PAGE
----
The Middle East is arguably the world's most volatile region today. Although there are other areas that are prone to violence, the aspect of Middle Eastern politics that usually highlights its volatility is its inclination towards sudden, even unexpected, shifts and changes in the previously prevalent political, diplomatic, and military currents. In this sense, Turkish-Syrian relations have been and remain one of the most debated issues in Middle Eastern politics.

For years, foreign policy experts have been sceptical about the possibility of building good relations between the two countries. Mainly of realists and neo-realist leanings, those scholars believed that the likelihood of reconciling the differences between Damascus and Ankara is almost non-existent.

Any talk about cooperation between the two countries reflects an idealist way of thinking in a region dominated by a balance of power concept. These theoretical incentives would almost inevitably drive the interests of both Syria and Turkey into total conflict.

The historical and geographical context in which the countries find themselves would also deem cooperation impossible. The history of Syria and Turkey reveals that most of these relations have contributed to their physical insecurity with regard to each other, and their persistent endeavours to bring about their security requirements.

Since Turkey and Syria emerged as new states after the collapse of the Ottoman Empire following the First World War, border disputes dominated their agenda. Both Syria and Turkey claim unquestionable sovereignty over Uskandaron province (Turkey calls it Hatay) which came under Turkish control in 1938.

Disputes over water distribution — the problem of the Euphrates, the Orontes and Tigris — have also hindered the establishment of good relations between the two countries. This is especially an important issue wherein both sides try to meet their developmental requirements.

Further, for most of the 1990s, Turkey used to accuse Syria of providing the separatists Kurdistan Workers Party (PKK) with weapons and logistic support to gain concessions on other fronts.

The most outstanding difference between Syria and Turkey was the Turkish-Israeli military agreement of 1996, which Syria considered as a major threat to its security and national interests. This alliance shifted the balance of power in the region in a fundamental way and was considered to be a major development in the 1990s. The decision by Turkey to collaborate militarily with Israel left a deep negative impact on its relations with Syria.

These problems and many others have been presented by many scholars and analysts to support the argument that Syria and Turkey are meant to remain foes. Recent developments in Turkish-Syrian relations point to the opposite, however, discrediting most of the confrontation argument.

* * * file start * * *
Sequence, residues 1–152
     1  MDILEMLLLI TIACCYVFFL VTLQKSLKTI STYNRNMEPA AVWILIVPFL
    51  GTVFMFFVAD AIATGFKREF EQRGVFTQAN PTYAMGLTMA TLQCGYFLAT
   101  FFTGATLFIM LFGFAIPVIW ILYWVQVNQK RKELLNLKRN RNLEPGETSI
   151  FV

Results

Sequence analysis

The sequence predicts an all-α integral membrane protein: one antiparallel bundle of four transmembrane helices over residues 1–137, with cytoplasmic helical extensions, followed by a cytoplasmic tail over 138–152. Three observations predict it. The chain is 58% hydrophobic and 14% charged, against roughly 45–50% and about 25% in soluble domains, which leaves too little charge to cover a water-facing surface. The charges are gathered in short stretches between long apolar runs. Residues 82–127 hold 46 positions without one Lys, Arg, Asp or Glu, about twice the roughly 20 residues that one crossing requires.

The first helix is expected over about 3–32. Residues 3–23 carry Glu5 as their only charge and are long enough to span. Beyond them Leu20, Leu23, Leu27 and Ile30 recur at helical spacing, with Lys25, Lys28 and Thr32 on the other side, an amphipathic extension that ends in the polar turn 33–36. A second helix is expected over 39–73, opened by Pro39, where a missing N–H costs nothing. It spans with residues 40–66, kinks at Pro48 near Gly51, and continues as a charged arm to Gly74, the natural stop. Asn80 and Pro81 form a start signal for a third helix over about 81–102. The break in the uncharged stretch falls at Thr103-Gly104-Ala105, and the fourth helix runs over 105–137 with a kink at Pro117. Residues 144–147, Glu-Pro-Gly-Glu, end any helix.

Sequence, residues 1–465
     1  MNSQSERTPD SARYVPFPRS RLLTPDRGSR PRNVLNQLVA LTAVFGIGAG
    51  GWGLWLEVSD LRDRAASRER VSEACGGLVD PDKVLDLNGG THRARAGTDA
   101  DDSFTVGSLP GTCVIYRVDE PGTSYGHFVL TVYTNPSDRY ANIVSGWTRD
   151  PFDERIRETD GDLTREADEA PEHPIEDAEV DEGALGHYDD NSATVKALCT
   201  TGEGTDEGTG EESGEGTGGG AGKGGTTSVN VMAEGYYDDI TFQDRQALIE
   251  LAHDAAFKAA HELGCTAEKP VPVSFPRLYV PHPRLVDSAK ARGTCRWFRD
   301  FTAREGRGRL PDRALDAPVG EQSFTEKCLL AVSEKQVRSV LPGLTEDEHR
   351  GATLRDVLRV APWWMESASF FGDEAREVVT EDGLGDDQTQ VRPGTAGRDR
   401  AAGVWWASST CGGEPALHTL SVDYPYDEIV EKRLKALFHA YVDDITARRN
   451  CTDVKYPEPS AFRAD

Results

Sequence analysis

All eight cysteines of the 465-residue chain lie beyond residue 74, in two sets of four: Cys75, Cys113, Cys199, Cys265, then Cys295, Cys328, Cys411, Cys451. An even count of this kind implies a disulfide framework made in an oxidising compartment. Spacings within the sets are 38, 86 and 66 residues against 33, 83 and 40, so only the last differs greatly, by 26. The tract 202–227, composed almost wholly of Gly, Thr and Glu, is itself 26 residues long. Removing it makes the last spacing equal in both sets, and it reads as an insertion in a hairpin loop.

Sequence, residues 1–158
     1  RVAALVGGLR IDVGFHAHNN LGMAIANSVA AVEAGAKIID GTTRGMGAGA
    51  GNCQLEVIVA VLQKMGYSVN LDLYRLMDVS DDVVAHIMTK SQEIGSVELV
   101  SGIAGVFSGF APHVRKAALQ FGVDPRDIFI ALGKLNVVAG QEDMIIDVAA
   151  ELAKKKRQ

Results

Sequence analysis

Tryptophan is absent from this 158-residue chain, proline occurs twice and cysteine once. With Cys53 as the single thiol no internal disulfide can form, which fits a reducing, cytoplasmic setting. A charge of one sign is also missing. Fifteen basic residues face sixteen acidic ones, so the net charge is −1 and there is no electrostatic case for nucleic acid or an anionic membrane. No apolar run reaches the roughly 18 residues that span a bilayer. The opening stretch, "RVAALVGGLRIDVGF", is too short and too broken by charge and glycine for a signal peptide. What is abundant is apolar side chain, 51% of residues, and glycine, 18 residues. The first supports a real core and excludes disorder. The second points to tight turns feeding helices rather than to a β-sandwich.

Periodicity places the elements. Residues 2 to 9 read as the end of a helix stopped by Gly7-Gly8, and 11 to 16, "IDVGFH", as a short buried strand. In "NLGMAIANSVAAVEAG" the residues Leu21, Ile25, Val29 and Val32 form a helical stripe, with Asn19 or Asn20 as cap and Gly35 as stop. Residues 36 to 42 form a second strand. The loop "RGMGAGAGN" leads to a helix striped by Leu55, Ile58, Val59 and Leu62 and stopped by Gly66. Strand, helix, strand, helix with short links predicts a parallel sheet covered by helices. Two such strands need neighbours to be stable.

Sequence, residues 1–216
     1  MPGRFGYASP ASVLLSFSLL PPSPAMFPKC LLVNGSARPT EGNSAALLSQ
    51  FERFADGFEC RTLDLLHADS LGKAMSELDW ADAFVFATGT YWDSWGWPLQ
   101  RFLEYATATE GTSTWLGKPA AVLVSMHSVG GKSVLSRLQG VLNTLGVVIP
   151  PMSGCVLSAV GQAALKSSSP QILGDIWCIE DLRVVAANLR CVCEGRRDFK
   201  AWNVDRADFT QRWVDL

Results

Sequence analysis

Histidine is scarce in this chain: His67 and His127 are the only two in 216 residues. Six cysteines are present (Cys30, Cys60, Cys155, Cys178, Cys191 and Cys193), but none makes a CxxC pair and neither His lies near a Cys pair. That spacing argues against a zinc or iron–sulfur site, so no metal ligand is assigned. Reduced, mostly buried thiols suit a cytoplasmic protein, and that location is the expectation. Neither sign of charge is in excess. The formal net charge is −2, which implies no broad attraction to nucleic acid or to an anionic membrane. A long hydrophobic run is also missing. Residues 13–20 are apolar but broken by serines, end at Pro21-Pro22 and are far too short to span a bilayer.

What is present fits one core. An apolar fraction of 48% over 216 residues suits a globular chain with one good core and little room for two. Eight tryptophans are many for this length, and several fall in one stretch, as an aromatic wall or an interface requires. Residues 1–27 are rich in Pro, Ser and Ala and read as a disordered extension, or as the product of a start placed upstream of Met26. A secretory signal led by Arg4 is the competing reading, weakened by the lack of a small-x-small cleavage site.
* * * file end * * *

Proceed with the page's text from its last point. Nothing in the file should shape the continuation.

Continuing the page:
After years of heightened tension and a close-to-war crisis in 1998, Syria and Turkey have succeeded in transforming the nature of their relations from conflict to cooperation.

Changing nature

This dramatic shift must have frustrated and bewildered advocates of the neo-realist school in international relations, who have always argued that the nature of the international system — particularly in the post-Cold War era — would not allow the neighbours to cooperate.

Furthermore, and to the chagrin of structural realists, it is precisely the nature of the international system — unipolar — that have made rapprochement between Syria and Turkey possible and desirable.

The post-9/11 world, the militaristic approach of the George W. Bush administration, resulting from his "revolution in foreign policy"; and the change of leadership in Syria and Turkey have all served as auxiliary factors to bring about a fundamental change in the two countries' foreign policies.

Today, Syria and Turkey understand pretty well the merits of cooperation; and by adopting a neo-liberalist perspective, concentrating mainly on commercial opportunities and free market economy, issues of conflict, such as water and border disputes, were transformed into incentives for cooperation.

In addition, the two countries came to realise that some of their problems were of their own making; others were forced upon them by the nature of the international system. Regional developments of the past few years have brought the two countries closer together.

Both have opposed the US invasion of Iraq and expressed their interests in that it must remain a unitary state. They have also mutual concerns about what they see as a dangerous American temptation, to weaken Iraq by re-building it on a federal basis without a strong central government — thereby paving the way for the establishment of an independent Kurdish state.

In the light of the longstanding animosity that marked the relationship between the two countries, establishing good neighbourly relations was a big challenge for Syria and Turkey. Clearly, they have succeeded in dealing with it and by doing so they have also taught a lesson to theorists of foreign policy.


Dr Marwan Kabalan is Director at the Damascus Centre for Economic and Political Studies.